Astronomical Data Curation and Analysis: What has worked and what has not?
Abstract. Here we will explore various aspects of long term and high volume data curation and analysis. What has worked in Astronomy? What has not? What does it mean to say something has worked? What do astronomers think? What are the financial, social, technical, and practical issues that limit how data can be used in the future?
What does it mean to say that a project has been successful in data curation and analysis?
Institutions like HEASARC and IPAC play a critical role in maintaining data compatibility.
example of MWA (Ashish)
EXOSAT responses are not usable anymore because software has shifted.
Lots of things that are “obvious” are not written down, or are not written down clearly. How much effort will someone make to track down the right procedures?
How much effort will people and institutions make to bring their data products to be fully consistent with everything else?
SDO/AIA is not keeping unprocessed data because that takes up too much space. What if calibration improves? What happens to old data which had the wrong calibration? Tough luck.
Software and platforms keep changing. Tools must be simple to use, comprehensive, and kept up to date.
Solutions suggested by various people.
Keep the data in a form that makes it possible to generate full posterior densities at any time. But is this practical? How much original data can be kept? The closer the data get to the instrument, the more calibration products must be held, and the greater the chances of breaks in the chain.
How do you know ahead of time how the data will be used? e.g., one could imagine storing the full posterior density of source intensity in a catalog, but this says nothing about undetected sources. Imagine if someone 100 years from now is looking through LSST images for a supernova progenitor, and that they have magical statistical tools to suppress false positives and push detection threshold to currently unimaginable levels – what kind of input data would they need? We have no way of knowing.
Necessary, but costs a lot.
The following survey was sent out CfA-wide:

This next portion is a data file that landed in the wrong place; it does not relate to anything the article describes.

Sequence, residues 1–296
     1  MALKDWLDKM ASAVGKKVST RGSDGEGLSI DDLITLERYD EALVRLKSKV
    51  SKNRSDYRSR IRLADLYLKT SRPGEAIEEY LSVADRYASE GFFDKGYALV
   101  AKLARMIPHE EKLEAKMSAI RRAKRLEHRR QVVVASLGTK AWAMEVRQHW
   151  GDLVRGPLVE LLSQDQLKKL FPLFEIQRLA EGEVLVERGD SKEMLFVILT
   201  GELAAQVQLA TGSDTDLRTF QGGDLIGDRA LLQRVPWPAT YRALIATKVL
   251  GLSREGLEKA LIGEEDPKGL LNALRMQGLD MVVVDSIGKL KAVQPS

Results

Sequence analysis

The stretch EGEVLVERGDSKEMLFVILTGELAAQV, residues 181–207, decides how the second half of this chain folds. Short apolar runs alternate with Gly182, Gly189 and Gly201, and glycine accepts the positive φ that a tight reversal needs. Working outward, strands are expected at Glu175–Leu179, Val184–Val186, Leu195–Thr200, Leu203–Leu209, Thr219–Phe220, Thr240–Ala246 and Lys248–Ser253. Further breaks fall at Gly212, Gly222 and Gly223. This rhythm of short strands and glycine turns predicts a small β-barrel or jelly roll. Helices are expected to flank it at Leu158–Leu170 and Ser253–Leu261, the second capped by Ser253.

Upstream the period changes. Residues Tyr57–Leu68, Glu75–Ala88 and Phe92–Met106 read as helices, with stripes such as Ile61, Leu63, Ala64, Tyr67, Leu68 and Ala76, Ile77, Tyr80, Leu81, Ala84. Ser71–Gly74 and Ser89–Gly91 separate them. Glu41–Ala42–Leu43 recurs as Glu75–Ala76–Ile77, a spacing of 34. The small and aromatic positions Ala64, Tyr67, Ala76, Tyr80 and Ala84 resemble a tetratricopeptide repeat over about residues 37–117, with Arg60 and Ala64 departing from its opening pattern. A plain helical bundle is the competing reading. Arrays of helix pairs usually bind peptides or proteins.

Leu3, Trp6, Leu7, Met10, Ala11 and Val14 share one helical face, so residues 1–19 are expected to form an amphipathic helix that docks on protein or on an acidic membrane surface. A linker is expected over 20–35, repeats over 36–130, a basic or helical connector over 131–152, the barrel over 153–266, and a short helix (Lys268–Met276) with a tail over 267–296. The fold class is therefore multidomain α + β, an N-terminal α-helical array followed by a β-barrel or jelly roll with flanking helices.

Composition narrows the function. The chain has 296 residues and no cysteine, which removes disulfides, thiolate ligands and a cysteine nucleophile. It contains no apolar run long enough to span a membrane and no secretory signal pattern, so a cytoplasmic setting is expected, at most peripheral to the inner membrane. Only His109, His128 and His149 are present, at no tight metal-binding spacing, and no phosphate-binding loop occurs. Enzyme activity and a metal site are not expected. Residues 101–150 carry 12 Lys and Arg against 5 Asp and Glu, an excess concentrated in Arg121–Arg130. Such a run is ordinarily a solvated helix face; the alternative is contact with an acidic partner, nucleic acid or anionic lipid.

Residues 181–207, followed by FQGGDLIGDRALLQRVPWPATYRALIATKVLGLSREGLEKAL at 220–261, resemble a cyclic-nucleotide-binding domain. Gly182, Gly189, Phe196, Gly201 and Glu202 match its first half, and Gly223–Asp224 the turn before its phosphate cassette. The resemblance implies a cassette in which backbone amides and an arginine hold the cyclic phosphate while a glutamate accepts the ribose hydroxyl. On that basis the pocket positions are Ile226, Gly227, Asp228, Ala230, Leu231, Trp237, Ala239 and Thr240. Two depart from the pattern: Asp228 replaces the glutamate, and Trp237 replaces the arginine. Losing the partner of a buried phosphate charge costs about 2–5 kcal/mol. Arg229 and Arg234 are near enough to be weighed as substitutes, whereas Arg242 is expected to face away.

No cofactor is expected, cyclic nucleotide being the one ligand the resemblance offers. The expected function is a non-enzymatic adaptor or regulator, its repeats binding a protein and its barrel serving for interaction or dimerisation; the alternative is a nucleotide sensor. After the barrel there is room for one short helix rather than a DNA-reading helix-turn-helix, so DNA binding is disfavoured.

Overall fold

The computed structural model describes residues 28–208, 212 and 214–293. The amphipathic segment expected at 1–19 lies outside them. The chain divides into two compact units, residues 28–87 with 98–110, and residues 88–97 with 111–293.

For the “Radcliffe Exploratory Seminar on Data Curation and Analysis”, we have been asked to lead a discussion on the topic: “Astronomical Data Curation and Analysis: What has worked and what has not?”
So that we can better understand and present the views of the astronomy community, we have developed a short list of questions. If you have views on this issue, please answer by e-mail. Even if you have comments on just a single question, we would like to hear from you. Feel free to add comments on areas we have not mentioned. We will be able to take into account for the discussion any comments we receive by 5 PM Wednesday.
Please let us know if we can quote comments you make, or if you would prefer to remain anonymous.
Rosanne Di Stefano, Vinay Kashyap, and Ashish Mahabal
Background: When we talk about data curation, we have to define what we mean by “success”. One measure of success is that the data can be used correctly and effectively by researchers who were not involved in the original project, even years after the data collection was complete.
What old dataset have you personally had to reanalyze for different purposes than originally intended, and how much time did you spend on it? Did you consider the time expenditure to be reasonable?
In your view, what are examples of successful data curation? What was done to achieve this success?
In your view, what are examples of unsuccessful data curation? What do you think would have been needed to make the data curation more successful?
What current project do you believe has the right procedures in place to enable the data, calibration, and documentation to be useful and relevant for unforeseen analysis 15-20 years from now? What is being done that gives you this confidence?
Are there any examples of current projects for which you are concerned about the quality of data curation?
Do you have comments about any of the following? (Please feel free to add co